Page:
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A parting thought on evo-econ and the economics canon

In Uncategorized on February 11, 2010 by Randy

For all of you who are not steeped in economics, I’d like to reinforce a point. Grosso modo, the practice of economics is a monolith: the canon is neoclassical economics for microeconomics and some variety of Keynesian economics for macroeconomics. Micro is the study of individual (consumer) choice, firm-level choice, and how they meet in a market. This is the stuff of the era when economics arose from moral philosophy. As it is practiced now, the behaviors of consumers and firms are modeled in highly formalized mathematical language. Axioms/laws form a foundation for driving stylized behaviors of homogeneous agents, often construed to be representative of the population. There are strong axioms of rationality, perfect knowledge (and, often, foresight), and idealized choice behavior. Macroeconomics is the study of whole economies with even stronger idealization invoked. My characterization is that one never considers the aggregation of individual choices; only system-level rules matter. Homogeneity of consumers and firms is reinforced by subsuming them into the aggregate: there is consumption, investment, saving, wealth, and government at the system level, without regard to the distributions of these constructs across populations.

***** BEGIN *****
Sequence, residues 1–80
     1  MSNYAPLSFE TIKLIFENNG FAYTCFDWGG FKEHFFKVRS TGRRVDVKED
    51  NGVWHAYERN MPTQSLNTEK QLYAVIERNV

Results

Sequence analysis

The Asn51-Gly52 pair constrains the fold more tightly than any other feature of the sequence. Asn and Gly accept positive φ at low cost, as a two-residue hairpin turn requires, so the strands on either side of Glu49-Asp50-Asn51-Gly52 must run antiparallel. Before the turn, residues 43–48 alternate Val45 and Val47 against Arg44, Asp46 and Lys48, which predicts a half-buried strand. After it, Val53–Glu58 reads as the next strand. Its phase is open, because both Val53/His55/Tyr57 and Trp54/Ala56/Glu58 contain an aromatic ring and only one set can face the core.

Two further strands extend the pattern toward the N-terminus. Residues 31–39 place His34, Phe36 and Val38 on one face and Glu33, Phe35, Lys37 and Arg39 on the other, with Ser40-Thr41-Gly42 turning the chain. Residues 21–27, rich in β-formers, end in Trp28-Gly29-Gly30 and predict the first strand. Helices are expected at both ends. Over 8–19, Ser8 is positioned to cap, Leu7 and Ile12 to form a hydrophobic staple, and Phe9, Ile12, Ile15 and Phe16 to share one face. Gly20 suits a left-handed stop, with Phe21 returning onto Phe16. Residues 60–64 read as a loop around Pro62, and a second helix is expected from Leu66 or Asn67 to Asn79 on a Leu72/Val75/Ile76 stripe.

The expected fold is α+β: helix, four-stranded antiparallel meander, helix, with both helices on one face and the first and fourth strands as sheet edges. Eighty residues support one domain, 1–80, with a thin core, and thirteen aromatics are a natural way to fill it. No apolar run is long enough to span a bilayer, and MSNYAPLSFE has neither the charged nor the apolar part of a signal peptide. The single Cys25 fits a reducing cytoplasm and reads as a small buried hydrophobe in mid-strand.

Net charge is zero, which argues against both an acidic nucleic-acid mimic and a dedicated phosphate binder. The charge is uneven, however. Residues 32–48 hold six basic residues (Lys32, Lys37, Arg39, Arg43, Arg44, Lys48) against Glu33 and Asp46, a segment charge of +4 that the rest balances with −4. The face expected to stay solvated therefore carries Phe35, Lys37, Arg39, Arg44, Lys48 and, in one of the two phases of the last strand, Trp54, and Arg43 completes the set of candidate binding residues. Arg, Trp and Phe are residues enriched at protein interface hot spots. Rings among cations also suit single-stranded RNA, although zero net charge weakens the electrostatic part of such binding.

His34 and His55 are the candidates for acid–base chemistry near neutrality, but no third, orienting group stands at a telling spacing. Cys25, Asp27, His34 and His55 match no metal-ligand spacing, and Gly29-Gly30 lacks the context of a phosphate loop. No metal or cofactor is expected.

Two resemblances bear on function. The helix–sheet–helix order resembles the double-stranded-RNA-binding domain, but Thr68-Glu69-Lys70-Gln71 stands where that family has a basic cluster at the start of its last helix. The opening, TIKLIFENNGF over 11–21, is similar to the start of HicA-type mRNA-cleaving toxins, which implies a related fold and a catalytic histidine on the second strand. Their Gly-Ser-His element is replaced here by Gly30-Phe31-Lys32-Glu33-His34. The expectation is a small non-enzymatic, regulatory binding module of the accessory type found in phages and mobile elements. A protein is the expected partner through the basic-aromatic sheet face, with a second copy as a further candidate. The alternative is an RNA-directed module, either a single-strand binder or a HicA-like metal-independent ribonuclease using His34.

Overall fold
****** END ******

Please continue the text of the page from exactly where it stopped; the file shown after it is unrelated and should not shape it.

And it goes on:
We have been examining evolutionary economics and some allied concepts which fall into the category of heterodoxy. Individual differences matter. Dynamics matter. Path dependence matters. The equilibration of supply and demand, THE market price, and global rationality are fictions.

I don’t want us to ask and answer questions about “what do economists believe and do in their science” with respect to the monolith. There is NO connection to the biological sciences through metaphor or analogy from the monolith. Alas, that places us into a messy position of having incommensurable approaches in the heterodoxy: alternative conceptions of dynamics (Darwinian, darwinian, Universal darwinian, Penrosian, Schumpeterian, neo-Schumpeterian, acculturalization, etc), alternative focal units of observation ( individuals, routines, firms, organizational forms, institutions, technologies, etc), and uncodified terms/constructs.

There have been attempts to bring complexity theory to bear on firm growth/evolution, market organization, technology adoption, and other dynamic processes. Self-organization is often invoked… and poorly understood. Autopoiesis is often used as a synonym to self-organization. There is a rich literature, IMHO, that relate biological evolution to complexity theory. But I haven’t seen a first cut at analyzing the subject though the lens of Phil Sci.

Lots to do…

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